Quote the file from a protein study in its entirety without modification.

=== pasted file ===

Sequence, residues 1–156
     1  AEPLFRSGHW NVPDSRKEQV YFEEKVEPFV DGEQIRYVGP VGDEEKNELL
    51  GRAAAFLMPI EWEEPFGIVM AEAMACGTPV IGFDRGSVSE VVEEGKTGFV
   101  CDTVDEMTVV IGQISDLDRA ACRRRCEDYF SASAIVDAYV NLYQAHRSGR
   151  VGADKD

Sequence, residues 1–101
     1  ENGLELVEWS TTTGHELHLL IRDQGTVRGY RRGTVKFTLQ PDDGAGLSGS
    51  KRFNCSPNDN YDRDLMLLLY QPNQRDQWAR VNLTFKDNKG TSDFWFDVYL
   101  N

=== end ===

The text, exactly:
Sequence, residues 1–156
     1  AEPLFRSGHW NVPDSRKEQV YFEEKVEPFV DGEQIRYVGP VGDEEKNELL
    51  GRAAAFLMPI EWEEPFGIVM AEAMACGTPV IGFDRGSVSE VVEEGKTGFV
   101  CDTVDEMTVV IGQISDLDRA ACRRRCEDYF SASAIVDAYV NLYQAHRSGR
   151  VGADKD

Sequence, residues 1–101
     1  ENGLELVEWS TTTGHELHLL IRDQGTVRGY RRGTVKFTLQ PDDGAGLSGS
    51  KRFNCSPNDN YDRDLMLLLY QPNQRDQWAR VNLTFKDNKG TSDFWFDVYL
   101  N